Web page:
Ignatius Sancho, 1768 by Thomas Gainsborough. Courtesy National Gallery of Canada

The biography also shows Nollekens’ friendship with Ignatius Sancho. Sancho was important figure in Black British history who was formerly enslaved and went on to become an acclaimed writer, and a key voice in the campaign to abolish the slave trade. As a male property-owner, Sancho had the right to vote. As such he was possibly the first Black Briton to vote in the UK, casting his ballot in the 1774 general election.

Nelson Mandela

photo of Nelson Mandela reaching to shake the hand of a woman in a crowd.

Courtesy Bank of England Museum.

In 1996, South African anti-apartheid revolutionary, statesman and philanthropist, Nelson Mandela, visited the Bank of England while President of South Africa. Our archive collection includes several photographs commemorating the occasion.

Mandela had joined the African National Congress (ANC) in 1944. From 1948 he was engaged in resistance against the ruling National Party’s apartheid policies, facing trial for treason as a result. Although Mandela was acquitted in 1961, the ANC had been banned in 1960 and so Mandela felt forced to resort to military tactics, forming a wing of the ANC to resist apartheid by any means called Umkhonto we Sizwe.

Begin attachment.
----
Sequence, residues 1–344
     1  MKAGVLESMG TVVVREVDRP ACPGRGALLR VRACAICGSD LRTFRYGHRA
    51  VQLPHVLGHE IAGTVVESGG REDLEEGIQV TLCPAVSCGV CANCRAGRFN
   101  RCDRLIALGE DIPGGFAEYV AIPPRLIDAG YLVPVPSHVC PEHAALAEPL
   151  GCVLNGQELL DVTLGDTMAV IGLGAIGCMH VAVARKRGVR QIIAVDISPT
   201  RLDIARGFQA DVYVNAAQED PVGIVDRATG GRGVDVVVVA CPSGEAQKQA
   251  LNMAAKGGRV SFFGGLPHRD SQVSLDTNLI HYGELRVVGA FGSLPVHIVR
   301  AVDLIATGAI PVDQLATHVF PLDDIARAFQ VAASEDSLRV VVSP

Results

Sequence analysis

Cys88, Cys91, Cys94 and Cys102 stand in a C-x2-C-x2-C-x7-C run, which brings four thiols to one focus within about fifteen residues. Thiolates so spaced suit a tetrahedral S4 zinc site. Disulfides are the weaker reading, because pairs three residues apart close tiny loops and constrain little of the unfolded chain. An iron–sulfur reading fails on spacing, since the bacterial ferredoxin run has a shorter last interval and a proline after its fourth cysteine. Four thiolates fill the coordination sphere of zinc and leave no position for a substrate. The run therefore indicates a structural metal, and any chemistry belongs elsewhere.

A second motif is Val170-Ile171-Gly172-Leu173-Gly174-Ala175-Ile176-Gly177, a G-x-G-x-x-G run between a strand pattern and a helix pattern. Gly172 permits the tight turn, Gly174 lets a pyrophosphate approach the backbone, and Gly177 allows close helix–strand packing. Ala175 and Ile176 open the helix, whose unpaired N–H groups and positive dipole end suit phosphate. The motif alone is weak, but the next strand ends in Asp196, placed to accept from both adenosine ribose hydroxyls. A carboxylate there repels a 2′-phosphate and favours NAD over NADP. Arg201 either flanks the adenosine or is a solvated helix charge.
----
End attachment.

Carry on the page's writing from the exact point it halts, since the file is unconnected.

This led to Mandela’s arrest in 1962 and, although initially sentenced to five years, he was tried again as part of a wider group for plotting to overthrow the government by violence in 1963 where he was sentenced to life in prison.

Mandela’s statement at the 1963 trial gained international recognition for the anti-apartheid movement. Mandela became the most significant black leader in South Africa, and a symbol of resistance. When he was finally released in 1990, Mandela became president of the reinstated ANC in 1991. In 1994, he was elected as the first Black president of South Africa. Mandela continues to be remembered today for never compromising his political position, even when his personal freedom was at stake.

Mandela’s visit to the Bank of England, just six years after his release from prison and two years into his presidency of South Africa, marks a significant intersection between the Bank and Black revolutionary history that can serve as a potent reminder today.

What’s Next?

Founded in 1694, the Bank’s history also coincides with Britain’s involvement in the transatlantic slave trade. At the Bank of England Museum we are currently carrying out research into the Bank’s historic links with transatlantic slavery to address this past.

As part of this work, it is planned that the Museum will reopen in the first half of 2022 with a public exhibition drawing on some of the findings of the research. The research will also enable other Museum content to be updated prior to reopening. The exhibition will, among other things, describe the role of former Governors and Directors who featured in portraits and busts that were removed from display in a private area of the Bank earlier this year.


Bank of England Museum

London, City of London

The Bank of England Museum tells the story of the Bank from its foundation in 1694 to its role in today's economy. Interactive programmes with graphics and video help explain its many and varied roles. Popular exhibits include a unique collection of banknotes and a genuine gold bar which may…